Monthly Archives: January 2015

Bulk adding Active Directory service accounts with PowerShell

I’ve recently had to create a lot of new service accounts to support some new infrastructure projects. As these are supporting a lot of web services, there’s been a large number of service accounts that needed creating to own all the app pools.

To make life simpler when this moves from implementation to support, all of these accounts want to be setup the same way. And we want secure passwords as well.

And then those accounts also need to be setup for each of our prod, stage, dev, test environments.

So, a dull, repetitive task where making sure details are replicated exactly, this sounds like the perfect job to automate with some PowerShell.

[Reflection.Assembly]::LoadFile('C:\Windows\Microsoft.NET\Framework\v4.0.30319\system.web.dll') | out-null

function New-Password ($length = 12)
{
        $p = [System.Web.Security.Membership]::GeneratePassword($length,2)
        $password = $p | ConvertTo-SecureString -AsPlainText -Force
        $retpass = @{"string"=$p; "secstring"=$password}
        return $retpass
}

$environments = @()

$environments += @{"env"="prod";
                   "prefix"="pwa-";
                   "adpath"= "ou=Prod Accounts, ou=Service Accounts, ou=Domain Controllers, dc=ad, dc=contoso,dc=com,";
                   "identgroup"="name1";
                   "ro-group"="group1"}

$environments += @{"env"="test";
                    "prefix"="twa-";
                    "adpath"= "ou=Test Accounts, ou=Service Accounts, ou=Domain Controllers, dc=ad, dc=contoso,dc=com,";
                    "identgroup"="name2";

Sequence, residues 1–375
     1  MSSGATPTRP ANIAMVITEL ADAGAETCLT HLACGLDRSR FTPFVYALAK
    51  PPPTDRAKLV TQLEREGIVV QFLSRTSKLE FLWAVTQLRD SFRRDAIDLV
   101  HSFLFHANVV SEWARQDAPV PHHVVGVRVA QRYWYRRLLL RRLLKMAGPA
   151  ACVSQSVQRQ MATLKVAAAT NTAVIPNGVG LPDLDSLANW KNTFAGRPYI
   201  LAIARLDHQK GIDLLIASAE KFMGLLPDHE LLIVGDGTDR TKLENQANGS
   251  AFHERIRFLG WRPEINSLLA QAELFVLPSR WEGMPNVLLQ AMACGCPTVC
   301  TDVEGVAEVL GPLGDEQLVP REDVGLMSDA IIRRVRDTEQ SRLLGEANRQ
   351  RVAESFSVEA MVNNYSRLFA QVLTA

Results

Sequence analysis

"ro-group"="group2"}

$environments += @{"env"="dev";
                    "prefix"="dwa-";
                    "adpath"= "ou=Dev Accounts, ou=Service Accounts, ou=Domain Controllers, dc=ad, dc=contoso,dc=com,";
                    "identgroup"="name3";
                    "ro-group"="group3"}


$Users = import-csv -path "c:\temp\users.csv"

$output = @()

foreach ($environment in $environments){
    $out += "`n "+$environment.env + "`n"
    foreach ($user in $Users){
        $password = New-Password( 15)
        $username = $environment.prefix+$user.user.trim()
        Aew-ADuser $username -Path $environment.adpath -AccountPassword $password.secstring -DisplayName $username -PasswordNeverExpires $true -ChangePasswordAtLogon $false -CannotChangePassword $true -Enabled $true
        Add-ADGroupMember $identgroup -Members $username
        Add-ADGroupMember $rogroup -Members $username
        $output += @{"username"=$username; "password"=$password.string;"Environment"=$environment.env
    } 
}

First off, we’ll want to be creating secure complex passwords. Rather than rewrite everything from scratch, we’ll use the built in function from the .Net System.Web class, which we load in the first line.

Then we’ll wrap this call in a PowerShell function to make calling things easier:

function New-Password ($length = 12)
{